• Robert

    Love the extra outtakes like this Simon. We spent a month in an RV in both north and south islands. Got to see the people and towns most do not see. I have a brother that is just getting permanent residence status by working hard and being only 50. We found the govt to be very sensible, especially in keeping the attorneys from distorting everything. We are looking to establish a business or make an investment to gain our entry, so any and all information is more than welcome. Thank you again.

  • Howie

    a bit off subject, but I’d love to hear more of your organic hydroponics business in Thailand.

  • Ying

    This is an excellent thread post on the New Zealand topic – finally! NZ is one of my favorite countries to live in the world. I’d suggest that we should have more expats living in NZ, part-time or full-time, to write more “insiders tips” on NZ (tax, property, cost of living, residency, citizenship, etc.), the good, the bad, and the ugly. Perhaps Simon can invite other expats to write similar threads on Argentina, Uruguay, Thailand, Malaysia, Crotia……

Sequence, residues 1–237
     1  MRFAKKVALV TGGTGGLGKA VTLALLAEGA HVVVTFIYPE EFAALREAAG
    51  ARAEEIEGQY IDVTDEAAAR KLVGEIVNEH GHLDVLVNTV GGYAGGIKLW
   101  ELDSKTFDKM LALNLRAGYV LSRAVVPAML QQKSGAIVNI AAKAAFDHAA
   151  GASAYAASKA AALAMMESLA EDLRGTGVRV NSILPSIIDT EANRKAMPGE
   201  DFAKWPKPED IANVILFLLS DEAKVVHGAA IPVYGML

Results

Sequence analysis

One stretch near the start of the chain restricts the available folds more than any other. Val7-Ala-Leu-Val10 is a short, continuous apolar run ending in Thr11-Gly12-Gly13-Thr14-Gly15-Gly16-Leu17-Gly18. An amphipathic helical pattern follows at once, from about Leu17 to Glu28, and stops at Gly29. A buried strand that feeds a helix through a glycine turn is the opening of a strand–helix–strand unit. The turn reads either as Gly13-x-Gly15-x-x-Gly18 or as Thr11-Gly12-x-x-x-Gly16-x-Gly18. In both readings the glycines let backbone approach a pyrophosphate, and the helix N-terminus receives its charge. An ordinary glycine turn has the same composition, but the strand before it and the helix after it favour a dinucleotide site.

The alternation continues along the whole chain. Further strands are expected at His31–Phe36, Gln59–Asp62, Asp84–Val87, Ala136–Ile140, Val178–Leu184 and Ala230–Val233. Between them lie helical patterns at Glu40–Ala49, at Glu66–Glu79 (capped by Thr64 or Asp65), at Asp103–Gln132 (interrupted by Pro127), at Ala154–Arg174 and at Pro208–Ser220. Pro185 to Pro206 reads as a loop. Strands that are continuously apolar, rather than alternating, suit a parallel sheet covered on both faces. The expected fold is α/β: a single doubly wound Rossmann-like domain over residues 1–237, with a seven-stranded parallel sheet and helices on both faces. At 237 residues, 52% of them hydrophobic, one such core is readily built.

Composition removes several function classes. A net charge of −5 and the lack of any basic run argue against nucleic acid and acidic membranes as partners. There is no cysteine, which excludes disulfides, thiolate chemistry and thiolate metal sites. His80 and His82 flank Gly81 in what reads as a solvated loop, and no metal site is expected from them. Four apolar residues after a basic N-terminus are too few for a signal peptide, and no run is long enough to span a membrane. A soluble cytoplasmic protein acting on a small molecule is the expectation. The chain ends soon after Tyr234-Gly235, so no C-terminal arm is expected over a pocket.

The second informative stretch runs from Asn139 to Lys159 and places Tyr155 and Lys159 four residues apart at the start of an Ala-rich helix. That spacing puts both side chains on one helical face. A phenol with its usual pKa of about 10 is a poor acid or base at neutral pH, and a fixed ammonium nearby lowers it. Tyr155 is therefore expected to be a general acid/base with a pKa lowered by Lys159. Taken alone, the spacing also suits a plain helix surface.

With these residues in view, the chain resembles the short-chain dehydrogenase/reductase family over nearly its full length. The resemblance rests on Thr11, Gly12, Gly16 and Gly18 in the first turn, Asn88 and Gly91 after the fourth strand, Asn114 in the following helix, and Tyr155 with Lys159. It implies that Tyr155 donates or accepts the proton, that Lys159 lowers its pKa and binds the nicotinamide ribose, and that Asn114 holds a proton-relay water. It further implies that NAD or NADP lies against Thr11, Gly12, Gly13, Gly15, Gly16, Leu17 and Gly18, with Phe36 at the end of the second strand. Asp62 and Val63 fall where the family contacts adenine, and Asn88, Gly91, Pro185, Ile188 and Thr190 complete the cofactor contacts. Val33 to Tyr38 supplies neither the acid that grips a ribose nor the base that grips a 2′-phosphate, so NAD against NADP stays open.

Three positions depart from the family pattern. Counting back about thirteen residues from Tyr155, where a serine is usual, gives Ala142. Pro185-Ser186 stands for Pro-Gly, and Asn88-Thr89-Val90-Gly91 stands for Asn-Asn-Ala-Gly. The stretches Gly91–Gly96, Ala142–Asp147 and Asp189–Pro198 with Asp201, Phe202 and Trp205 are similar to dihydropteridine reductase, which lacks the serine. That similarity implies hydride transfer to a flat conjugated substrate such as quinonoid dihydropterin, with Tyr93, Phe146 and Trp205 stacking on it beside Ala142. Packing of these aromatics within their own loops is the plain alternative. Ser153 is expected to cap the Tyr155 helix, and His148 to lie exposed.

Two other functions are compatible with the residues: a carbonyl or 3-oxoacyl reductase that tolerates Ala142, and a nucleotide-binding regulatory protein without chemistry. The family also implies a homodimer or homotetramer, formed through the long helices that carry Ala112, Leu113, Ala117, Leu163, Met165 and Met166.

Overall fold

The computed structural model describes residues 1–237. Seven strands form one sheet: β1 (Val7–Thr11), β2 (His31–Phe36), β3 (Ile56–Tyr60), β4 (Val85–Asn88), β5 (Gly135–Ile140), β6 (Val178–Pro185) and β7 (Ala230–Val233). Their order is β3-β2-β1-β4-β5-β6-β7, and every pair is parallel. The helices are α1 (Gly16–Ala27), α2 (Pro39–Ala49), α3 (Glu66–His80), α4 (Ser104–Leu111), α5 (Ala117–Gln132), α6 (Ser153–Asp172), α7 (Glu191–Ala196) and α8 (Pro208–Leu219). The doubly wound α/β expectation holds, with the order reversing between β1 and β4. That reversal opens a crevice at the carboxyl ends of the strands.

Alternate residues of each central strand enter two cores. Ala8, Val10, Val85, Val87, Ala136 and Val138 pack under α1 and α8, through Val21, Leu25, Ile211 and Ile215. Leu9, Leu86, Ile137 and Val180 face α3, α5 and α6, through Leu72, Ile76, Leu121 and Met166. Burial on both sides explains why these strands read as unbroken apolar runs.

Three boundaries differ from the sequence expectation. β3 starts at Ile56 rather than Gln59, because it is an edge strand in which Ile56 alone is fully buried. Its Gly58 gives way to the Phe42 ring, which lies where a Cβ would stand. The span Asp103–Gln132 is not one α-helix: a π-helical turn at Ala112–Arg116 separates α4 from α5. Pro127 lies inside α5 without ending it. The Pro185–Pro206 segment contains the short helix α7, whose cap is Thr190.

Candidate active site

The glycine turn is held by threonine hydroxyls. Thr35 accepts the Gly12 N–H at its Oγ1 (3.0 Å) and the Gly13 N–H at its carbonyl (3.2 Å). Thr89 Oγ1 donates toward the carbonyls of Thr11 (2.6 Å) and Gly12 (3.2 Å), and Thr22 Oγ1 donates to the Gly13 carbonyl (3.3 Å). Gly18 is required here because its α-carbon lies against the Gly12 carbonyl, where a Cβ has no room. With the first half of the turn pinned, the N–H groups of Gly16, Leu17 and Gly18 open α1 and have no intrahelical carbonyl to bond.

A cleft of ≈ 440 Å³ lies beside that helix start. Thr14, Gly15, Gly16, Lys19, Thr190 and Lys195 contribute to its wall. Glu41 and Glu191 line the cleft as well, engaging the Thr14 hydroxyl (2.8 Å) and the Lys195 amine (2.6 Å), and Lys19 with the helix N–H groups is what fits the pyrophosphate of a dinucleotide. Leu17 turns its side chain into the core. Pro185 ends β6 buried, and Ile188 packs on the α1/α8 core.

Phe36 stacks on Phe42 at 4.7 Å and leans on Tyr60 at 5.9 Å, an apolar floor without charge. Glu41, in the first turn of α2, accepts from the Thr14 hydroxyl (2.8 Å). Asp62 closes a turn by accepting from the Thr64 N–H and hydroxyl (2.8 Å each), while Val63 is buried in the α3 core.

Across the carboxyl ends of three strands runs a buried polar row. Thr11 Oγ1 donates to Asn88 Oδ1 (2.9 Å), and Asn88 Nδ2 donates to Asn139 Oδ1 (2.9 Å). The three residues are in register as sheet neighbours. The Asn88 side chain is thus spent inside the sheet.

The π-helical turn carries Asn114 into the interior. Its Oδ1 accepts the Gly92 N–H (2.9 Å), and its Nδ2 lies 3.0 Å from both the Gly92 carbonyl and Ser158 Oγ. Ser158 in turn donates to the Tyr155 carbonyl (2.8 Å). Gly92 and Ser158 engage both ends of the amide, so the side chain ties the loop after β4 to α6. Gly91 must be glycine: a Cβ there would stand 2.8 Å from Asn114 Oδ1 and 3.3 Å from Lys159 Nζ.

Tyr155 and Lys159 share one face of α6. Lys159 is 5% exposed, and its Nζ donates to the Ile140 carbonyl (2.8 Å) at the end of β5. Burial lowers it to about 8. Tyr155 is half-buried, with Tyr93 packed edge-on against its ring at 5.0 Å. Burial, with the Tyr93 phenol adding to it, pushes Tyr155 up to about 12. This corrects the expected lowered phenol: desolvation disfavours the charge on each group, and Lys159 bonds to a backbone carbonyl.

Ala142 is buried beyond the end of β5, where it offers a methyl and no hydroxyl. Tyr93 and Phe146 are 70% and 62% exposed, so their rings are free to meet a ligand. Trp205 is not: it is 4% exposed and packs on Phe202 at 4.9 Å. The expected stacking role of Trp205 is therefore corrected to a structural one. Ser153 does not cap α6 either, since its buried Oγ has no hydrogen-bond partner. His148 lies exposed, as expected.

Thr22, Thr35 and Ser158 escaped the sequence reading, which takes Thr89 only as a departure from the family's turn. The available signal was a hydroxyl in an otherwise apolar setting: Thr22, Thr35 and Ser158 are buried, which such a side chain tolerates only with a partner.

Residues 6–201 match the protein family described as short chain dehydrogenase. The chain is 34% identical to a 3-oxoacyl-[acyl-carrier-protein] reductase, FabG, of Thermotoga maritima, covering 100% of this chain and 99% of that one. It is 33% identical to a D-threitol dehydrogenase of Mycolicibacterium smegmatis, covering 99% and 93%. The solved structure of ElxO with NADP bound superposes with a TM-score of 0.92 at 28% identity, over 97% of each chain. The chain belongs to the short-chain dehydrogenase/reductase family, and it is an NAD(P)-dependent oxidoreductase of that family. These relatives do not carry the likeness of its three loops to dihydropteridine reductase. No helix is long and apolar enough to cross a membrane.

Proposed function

NZ does not have a visa for retirees. No international social security agreement with the US, either. It has agreement with Canada. Australia, on the other hand, has retirees visa category, and has international social security agreement with both the US and Canada. NZ is a great place to live and enjoy life if you have enough money, but its job market is a totally different picture. Many young elite Kiwis have been migrating to Australia, UK, and the US to seek more opportunities and money. In many ways, except weather and country’s size, I think NZ is very similar to Canada. I’m sure Kiwis would love to swap their citizenships with Americans. The grass is always greener on the other side of the fence! ;-)

    Can American/Canadian expats do “visa-run” in NZ, that is, stay in NZ for 3 months or so visa-free, go to Australia for a vacation and back to NZ for another 3-4 months visa-free, like Argentina/Uruguay?

  • http://www.kazonkapede.com(NEW) Greg Tom

    Did you know that quite a few people live between NZ and Australia?
    Ie Buy property in NZ where there is NO stamp duty on property and NO CGT TAX……..
    Australia is a great place to create cash and NZ a great parking station-albeit one of the best looking on the planet and the wine is abundant……I think this part of the world is pretty cool